Yes indeedy, as we look into our magic mirror, the Maryland Sheep and Wool Festival is still the Greatest Of Them All. This was the 34th festival and it sure has grown up from the charming little event it was in the early 1980s when I started going to it. It has been the benchmark for other fiber festivals. Now there are so many festivals: Taos (NM), Rhinebeck (NY), and the wool festivals of Vermont, Michigan, and Massachusetts, to name but a few. Here is a very limited view of the promenade:
Note the threat of rain that hovers over the festival most years, which separates the rabid fiber fiends from the families on a weekend outing.
We live in magic times--so much at our disposal as fiber artists. What can be had at these events? Wool rovings, fleeces, dyes, baskets, spinning wheels and other tools, sheep cheese (a personal favorite of mine), lamb burgers, plus the usual wonderful fairground junk food, yarns, patterns, wool garments, sheep, sheepdogs, the handspun skein contest for spinners, the handmade wool garments, all the vendors, soap, herbs, the parade of sheep breeds, the sheep to shawl contest, whew! Even classes are offered by nationally known teachers. This year was no exception. However, with my stash of fiber exceeding my humble stash of yarn, I resisted the ever-popular Fleece Sale.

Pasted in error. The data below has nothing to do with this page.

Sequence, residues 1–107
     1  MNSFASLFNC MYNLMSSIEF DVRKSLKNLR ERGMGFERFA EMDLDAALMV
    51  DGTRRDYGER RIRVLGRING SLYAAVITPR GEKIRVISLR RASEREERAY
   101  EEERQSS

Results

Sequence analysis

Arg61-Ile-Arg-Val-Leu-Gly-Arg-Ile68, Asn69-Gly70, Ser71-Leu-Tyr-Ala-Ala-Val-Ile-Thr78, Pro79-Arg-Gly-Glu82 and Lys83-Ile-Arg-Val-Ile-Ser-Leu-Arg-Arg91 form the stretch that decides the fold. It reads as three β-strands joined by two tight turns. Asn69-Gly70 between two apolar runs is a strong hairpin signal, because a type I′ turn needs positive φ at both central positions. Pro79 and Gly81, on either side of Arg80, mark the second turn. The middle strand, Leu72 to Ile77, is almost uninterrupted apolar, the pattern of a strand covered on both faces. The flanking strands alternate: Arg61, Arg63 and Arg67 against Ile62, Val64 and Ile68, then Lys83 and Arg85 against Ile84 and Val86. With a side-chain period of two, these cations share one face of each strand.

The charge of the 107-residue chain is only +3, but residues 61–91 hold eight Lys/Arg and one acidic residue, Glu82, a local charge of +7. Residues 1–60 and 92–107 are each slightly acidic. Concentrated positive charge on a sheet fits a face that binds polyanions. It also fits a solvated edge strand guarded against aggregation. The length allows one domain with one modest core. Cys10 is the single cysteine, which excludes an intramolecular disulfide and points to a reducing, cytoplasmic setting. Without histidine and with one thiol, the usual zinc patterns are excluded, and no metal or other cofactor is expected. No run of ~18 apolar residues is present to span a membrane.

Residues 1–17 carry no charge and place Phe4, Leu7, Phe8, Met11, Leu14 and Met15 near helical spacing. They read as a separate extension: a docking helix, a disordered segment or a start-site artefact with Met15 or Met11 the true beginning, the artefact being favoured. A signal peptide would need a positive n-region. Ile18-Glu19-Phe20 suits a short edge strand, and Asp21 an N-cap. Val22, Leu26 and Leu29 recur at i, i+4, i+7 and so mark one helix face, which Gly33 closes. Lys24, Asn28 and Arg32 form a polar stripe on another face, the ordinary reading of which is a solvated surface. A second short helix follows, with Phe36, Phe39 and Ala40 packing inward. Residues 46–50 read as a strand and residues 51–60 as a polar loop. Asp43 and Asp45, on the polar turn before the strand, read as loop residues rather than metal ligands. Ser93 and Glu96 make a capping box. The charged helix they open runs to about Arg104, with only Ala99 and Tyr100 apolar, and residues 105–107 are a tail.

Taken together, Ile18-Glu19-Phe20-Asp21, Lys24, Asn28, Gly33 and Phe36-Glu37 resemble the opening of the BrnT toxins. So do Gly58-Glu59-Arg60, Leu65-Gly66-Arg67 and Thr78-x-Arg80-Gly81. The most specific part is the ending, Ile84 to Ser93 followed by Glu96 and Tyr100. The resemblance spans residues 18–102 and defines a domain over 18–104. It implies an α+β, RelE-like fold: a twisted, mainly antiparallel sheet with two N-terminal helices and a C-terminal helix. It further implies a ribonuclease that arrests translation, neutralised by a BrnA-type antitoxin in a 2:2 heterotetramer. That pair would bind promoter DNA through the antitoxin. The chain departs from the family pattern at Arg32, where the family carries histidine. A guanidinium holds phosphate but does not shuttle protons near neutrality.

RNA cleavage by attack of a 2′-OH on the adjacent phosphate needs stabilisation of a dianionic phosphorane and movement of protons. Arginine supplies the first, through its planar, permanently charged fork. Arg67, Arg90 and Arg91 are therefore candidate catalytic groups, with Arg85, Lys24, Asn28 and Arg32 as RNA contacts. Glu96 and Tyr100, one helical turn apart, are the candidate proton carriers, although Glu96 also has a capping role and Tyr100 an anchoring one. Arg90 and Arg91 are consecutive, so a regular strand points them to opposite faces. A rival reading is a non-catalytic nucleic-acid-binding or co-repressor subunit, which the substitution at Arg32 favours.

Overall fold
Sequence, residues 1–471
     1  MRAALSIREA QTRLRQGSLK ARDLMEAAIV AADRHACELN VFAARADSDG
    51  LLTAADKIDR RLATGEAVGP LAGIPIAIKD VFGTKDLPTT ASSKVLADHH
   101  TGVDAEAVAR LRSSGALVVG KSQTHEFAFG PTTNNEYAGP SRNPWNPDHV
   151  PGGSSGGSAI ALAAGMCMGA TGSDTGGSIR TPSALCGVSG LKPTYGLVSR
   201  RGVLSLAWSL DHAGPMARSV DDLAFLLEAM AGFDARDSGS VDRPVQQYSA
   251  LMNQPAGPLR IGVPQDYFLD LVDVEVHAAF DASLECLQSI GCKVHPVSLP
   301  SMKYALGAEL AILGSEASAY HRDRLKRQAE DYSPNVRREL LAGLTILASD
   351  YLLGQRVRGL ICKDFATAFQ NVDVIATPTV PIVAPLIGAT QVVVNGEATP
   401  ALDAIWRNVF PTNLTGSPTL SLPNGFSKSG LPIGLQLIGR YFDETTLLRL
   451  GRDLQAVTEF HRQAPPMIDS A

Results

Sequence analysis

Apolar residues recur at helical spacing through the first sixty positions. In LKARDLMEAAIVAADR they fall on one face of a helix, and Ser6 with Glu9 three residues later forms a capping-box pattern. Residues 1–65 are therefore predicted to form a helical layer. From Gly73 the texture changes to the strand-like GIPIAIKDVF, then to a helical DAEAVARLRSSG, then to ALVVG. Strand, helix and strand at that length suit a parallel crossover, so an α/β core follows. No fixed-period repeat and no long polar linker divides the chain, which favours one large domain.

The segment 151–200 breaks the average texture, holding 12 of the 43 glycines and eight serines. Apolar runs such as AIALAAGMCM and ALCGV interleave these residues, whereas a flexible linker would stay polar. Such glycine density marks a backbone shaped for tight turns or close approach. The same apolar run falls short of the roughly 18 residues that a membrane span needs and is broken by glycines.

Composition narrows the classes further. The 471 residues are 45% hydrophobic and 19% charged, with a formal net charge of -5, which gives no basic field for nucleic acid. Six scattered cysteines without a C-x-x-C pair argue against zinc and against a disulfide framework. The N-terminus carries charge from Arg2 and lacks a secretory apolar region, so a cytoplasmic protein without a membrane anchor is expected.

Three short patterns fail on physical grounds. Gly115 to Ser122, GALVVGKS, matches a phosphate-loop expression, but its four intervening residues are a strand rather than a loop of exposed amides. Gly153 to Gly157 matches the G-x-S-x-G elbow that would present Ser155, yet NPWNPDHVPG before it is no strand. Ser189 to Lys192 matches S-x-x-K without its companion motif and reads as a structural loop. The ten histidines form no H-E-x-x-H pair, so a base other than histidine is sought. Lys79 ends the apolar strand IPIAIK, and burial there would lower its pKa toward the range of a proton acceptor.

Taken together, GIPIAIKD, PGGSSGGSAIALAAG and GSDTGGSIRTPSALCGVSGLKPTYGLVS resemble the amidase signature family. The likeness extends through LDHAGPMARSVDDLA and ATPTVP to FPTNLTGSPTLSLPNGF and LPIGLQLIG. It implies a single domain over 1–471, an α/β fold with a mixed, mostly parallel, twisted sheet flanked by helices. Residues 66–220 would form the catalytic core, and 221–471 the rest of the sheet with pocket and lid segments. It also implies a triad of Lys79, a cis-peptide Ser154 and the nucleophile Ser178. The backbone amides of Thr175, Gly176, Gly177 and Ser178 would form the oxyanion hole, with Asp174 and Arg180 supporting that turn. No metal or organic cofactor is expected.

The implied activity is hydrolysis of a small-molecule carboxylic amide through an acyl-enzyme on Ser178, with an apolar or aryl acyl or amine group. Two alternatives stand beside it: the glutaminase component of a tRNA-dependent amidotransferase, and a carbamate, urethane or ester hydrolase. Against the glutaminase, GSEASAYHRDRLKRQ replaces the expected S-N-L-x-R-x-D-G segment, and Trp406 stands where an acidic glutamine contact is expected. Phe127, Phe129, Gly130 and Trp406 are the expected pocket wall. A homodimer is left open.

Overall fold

I attended with my sister, and dumped off some old spinning equipment that had been gathering dust for awhile. These were sold at the annual spinning and weaving equipment auction there. Now I have money to buy more yarn! Then I went straight to the sheep-cheese stall. MMMMM.
This is the cheese-man I go looking for every year. He is from Menhenett Farm in PA. Wicked good sheep cheese. If you search him out next year, PLEASE don't buy it all before I get there.
Sixteen members of the Houston Knitting Guild flew up as a group to see what all the fuss is about! It is certain that they had a fabulous time. Those knitters will have a fabulous time anywhere they go! I know this because I went down to Mexico with them to teach a workshop in 2005. They are a blast, and so was San Miguel de Allende
. You should check out Casa Luna
where we stayed: FAB-U-LOUS! But I digress. Here are three of my favorite knitters from the Houston group, Vicki, Margaret, and Beth.
They bought so much they had to dump their treasures at the car in order to go back to buy more. Sigh. So fun!
One of the main reasons I go to the Wool Festival is to see old friends. I always try to get over to see my dear friend Margaret Klein Wilson of Mostly Merino. What a trooper she is! She broke her foot a couple weeks ago and STILL managed to dye up a bunch of yarn, pack for the show, drive down from Vermont, set up for the show, and still smile! She's holding the sweater she made (Stone's Sweater) for Barbara Albright's book The Natural Knitter. I can't wait to go up to Vermont this September for our annual knitting retreat.
And I was lucky to catch Ron Schweitzer, one of my favorite designers, in the Yarns International
booth. With him is Bonnie the co-owner of YI along with Betty, who was helping a customer at the time.
Well, hopefully I have enticed you to consider attending the wool festival next year. People come from all over the country, including Canada. You can get on the mailing list to receive next year's catalog on their website
Enjoy your weekend!